The Brazilian Business Council for Sustainable Development (CEBDS), the German Agency for International Cooperation (GIZ) and the Bank Skandinaviska Enskilda (SEB), with the support of Febraban, organized the symposium Sustainable Capital Market in Brazil – Paving the way for Green Bonds, which took place on June 28th, in São Paulo.
At the opening of the event, Marina Grossi, president of CEBDS, and Mario Sérgio Vasconcelos, director of Institutional Relations at FEBRABAN, announced the creation of a guide on Green Bonds to support and direct issuers, investors and financial institutions. “Febraban and CEBDS have worked harmoniously and complementaryly on many projects, and now we are together in supporting Green Bonds. The Brazilian scenario is not favorable at the moment, but this must change and we already need to be prepared, especially since Brazil has committed to ambitious goals in the Paris Agreement, and the financial market has a very important role to play”, said Marina.
According to Mario Sérgio Vasconcelos, Febraban's vision in relation to Green Bonds is not to create new regulations, but to pave an unhindered path for this bond market that favors environmentally correct attitudes to develop in the country.
Where is the money from Green Bonds invested?
Mats Olausson, senior consultant at SEB for issues related to climate and sustainability, who participated in the first panel of the symposium, explained the importance of investing in Green Bonds, showing where the money raised in these bonds is invested: renewable energy (45.8% ); energy efficiency (19.6%); low carbon transport means (13.4%); sustainable water (9.3%); garbage and pollution (5.6%); climate adaptation (4.1%) Agriculture and forestry (2.2%).
Harald Francke Lund, senior consultant at CICERO, and Sören Elbech, former IDB treasurer, spoke about international good practices in sustainable financing. Lund highlighted that these bonds are essential for combating climate change, as they attract large institutional investors and provide capital for large green infrastructure projects. He also said that only 0.07% of the global debt securities market is green, which shows significant growth potential. Sören Elbech argued that local governments should use their power to create 'green banks', which will be major supporters of projects to mitigate climate change.
BRF's experience in issuing Green Bonds
One of the most anticipated moments of the symposium was the testimony of Élcio Ito, financial director of BRF, the first Brazilian company to issue Green Bonds, but which did so outside Brazil, with the support of Banco Santander. “Our food business is intrinsically linked to the issue of sustainability, which in our industry is one of the strategic pillars of long-term success; It is a question of competitiveness and continuity. It cannot be different in a company that operates throughout Brazil and, mainly, in rural areas. So, having environmental and social efficiency is intrinsic to our business”, introduced Ito.
According to the BRF executive, the company is a traditional issuer of bonds in the international market and has always seen the 'provocation' of Green Bonds; already having, practically, all green principles embedded in their culture, the path to issuance was a little easier. For him, one of the main objectives in issuing Green Bonds was to give some visibility, within the capital market, to this strategic issue of sustainability at BRF and to stamp a green seal on the issuance of debt securities.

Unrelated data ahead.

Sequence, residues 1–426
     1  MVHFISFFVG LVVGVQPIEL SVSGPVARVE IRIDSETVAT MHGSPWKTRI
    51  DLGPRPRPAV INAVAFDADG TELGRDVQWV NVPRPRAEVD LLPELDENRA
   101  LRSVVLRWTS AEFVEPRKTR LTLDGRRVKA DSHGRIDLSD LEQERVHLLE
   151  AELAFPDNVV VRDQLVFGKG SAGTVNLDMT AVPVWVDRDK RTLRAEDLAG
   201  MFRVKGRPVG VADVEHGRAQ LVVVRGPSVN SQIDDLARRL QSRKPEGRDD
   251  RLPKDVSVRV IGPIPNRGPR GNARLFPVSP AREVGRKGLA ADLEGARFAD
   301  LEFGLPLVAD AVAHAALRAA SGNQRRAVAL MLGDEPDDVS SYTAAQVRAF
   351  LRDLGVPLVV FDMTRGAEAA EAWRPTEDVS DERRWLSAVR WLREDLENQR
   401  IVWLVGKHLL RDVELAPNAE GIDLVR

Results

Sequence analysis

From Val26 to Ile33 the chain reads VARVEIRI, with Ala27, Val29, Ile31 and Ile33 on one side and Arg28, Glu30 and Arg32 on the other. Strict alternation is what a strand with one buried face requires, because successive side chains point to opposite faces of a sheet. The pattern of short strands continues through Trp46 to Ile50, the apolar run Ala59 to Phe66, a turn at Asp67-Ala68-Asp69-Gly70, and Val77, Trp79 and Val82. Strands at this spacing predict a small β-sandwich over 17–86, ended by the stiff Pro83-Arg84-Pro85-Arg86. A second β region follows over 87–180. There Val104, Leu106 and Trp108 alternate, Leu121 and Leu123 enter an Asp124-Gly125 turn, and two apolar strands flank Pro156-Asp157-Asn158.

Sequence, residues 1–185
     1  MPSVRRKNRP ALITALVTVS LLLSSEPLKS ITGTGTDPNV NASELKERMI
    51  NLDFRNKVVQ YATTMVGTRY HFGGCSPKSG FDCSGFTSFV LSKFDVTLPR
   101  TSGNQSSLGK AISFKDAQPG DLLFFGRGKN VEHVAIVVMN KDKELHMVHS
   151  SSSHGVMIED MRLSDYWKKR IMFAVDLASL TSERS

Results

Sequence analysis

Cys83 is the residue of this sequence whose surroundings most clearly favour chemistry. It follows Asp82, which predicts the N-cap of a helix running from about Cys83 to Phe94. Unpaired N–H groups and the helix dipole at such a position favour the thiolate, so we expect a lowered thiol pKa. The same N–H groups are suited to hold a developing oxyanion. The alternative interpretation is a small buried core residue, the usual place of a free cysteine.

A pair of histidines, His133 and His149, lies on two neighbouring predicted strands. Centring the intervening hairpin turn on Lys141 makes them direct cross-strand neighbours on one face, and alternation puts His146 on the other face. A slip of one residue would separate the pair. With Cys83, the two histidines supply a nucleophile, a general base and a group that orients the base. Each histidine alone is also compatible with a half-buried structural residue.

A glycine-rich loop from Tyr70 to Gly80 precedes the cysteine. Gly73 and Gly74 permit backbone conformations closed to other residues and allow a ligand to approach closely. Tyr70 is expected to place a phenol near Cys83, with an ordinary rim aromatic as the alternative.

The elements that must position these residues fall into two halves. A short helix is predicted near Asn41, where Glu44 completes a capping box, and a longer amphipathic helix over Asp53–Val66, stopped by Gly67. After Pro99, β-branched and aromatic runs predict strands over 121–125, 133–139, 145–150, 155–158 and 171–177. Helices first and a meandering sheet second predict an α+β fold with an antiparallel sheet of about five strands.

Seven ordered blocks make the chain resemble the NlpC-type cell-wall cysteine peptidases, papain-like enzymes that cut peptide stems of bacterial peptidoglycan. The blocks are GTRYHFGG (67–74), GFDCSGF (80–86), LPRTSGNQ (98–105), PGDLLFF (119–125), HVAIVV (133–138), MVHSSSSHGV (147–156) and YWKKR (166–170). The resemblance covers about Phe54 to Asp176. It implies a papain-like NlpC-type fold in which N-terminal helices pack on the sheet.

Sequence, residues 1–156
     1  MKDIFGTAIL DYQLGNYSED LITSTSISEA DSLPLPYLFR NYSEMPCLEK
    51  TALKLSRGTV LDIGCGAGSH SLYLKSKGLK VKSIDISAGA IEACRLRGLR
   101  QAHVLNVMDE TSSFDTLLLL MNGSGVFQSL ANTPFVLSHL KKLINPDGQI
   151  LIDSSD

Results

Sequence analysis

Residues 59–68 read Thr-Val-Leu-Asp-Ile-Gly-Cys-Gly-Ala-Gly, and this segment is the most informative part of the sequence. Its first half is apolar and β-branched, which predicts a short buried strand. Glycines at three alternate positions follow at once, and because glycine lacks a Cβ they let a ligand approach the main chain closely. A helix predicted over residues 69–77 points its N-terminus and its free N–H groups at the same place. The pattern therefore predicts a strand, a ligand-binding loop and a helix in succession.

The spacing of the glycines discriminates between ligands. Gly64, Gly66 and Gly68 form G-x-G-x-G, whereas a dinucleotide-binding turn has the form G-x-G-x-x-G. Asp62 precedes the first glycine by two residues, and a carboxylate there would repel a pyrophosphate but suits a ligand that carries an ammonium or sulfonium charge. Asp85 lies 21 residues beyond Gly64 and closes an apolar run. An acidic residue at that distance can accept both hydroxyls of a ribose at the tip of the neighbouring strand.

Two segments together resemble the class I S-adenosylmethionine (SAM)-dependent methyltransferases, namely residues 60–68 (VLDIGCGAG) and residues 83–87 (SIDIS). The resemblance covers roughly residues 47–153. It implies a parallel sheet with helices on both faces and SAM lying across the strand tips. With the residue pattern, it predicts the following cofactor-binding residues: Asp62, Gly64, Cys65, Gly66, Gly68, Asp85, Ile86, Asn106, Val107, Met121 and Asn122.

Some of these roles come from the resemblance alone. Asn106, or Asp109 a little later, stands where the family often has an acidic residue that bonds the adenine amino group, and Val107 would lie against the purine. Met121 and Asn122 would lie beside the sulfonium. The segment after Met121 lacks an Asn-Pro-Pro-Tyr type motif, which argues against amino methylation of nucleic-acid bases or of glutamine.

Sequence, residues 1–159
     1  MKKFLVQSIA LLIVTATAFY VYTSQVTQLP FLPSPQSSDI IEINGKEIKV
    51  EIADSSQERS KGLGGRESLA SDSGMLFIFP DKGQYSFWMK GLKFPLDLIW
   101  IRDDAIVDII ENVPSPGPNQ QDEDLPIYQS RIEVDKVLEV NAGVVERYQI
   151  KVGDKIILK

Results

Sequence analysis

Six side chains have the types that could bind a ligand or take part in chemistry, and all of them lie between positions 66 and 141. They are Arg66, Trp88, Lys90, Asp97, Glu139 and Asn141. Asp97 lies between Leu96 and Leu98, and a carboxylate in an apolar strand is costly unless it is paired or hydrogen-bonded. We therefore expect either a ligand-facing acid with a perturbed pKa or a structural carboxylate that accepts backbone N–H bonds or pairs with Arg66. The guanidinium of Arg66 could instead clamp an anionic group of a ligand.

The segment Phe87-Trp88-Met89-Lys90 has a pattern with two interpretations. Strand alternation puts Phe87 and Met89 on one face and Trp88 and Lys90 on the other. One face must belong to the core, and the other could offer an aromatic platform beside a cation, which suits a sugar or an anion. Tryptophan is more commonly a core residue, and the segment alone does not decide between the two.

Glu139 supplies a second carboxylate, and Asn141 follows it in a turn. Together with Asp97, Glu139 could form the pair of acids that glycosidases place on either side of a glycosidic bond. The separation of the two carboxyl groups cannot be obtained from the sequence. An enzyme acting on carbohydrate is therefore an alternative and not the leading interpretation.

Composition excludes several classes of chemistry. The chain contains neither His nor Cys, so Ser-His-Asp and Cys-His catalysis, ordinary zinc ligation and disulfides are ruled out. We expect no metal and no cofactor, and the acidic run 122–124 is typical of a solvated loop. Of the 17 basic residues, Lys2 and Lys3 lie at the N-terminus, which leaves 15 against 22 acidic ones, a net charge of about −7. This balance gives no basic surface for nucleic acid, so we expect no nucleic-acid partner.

A second objective was to diversify the company's investor base on the European continent. “It is an incipient market and, for now, we have managed to attract a small number of investors, but we are happy to meet them, to know what their concerns are, how they think, how they see the projects; in short, who are these investors who can only invest in instruments green”, he described.
Élcio Ito also said that the experience of issuing Green Bonds as a whole had a positive impact on the financial community and, internally, on the 100,000 employees. “In this initial step, we issued € 500 million in green projects for the next seven years and we have already published our first Green Bond Report. Every year we have to satisfy investors and demonstrate that we are complying with the green principles”, he explained.
The financial system has an enabling role
The last panel, mediated by Carlos Nomoto, general secretary, WWF -Brazil, brought together Élcio Ito himself, from BRF; Aline Pacheco, institutional advisor at the São Paulo State Secretariat for the Environment; Guilherme Cardoso, head of the Environment department at BNDES; Linda Murasawa, sector director of FEBRABAN's Social Responsibility and Sustainability Commission; Rafael Bello Noya, director of Financial Solutions & Advisory at Santander; and Warwick Manfrinato, professor at the Institute of Advanced Studies (IEA), University of São Paulo
They discussed the importance of boosting sustainable investments in Brazil. Professor Manfrinato instigated: “The financial system has a liberating role. If you have mechanisms that are stuck and there is no movement, the financial system has to see itself as a liberator for things to happen.”
At the end, Yannick Motz, project manager at GIZ, outlined an overview of the next actions of the project called Emerging Markets Dialogue on Green Finance, a coalition that brings together dozens of banks, companies, consultancies and organizations around the world to discuss the topic of green finance and propose solutions considering local specificities. Headed by GIZ, the project involves all G20 countries and, in the case of Brazil, has CEBDS as the local partner. Among the main activities is the holding of symposiums and workshops with potential companies issuing green bonds, audits, investors and financial institutions, in addition to consultancy and technical support. For more information access here.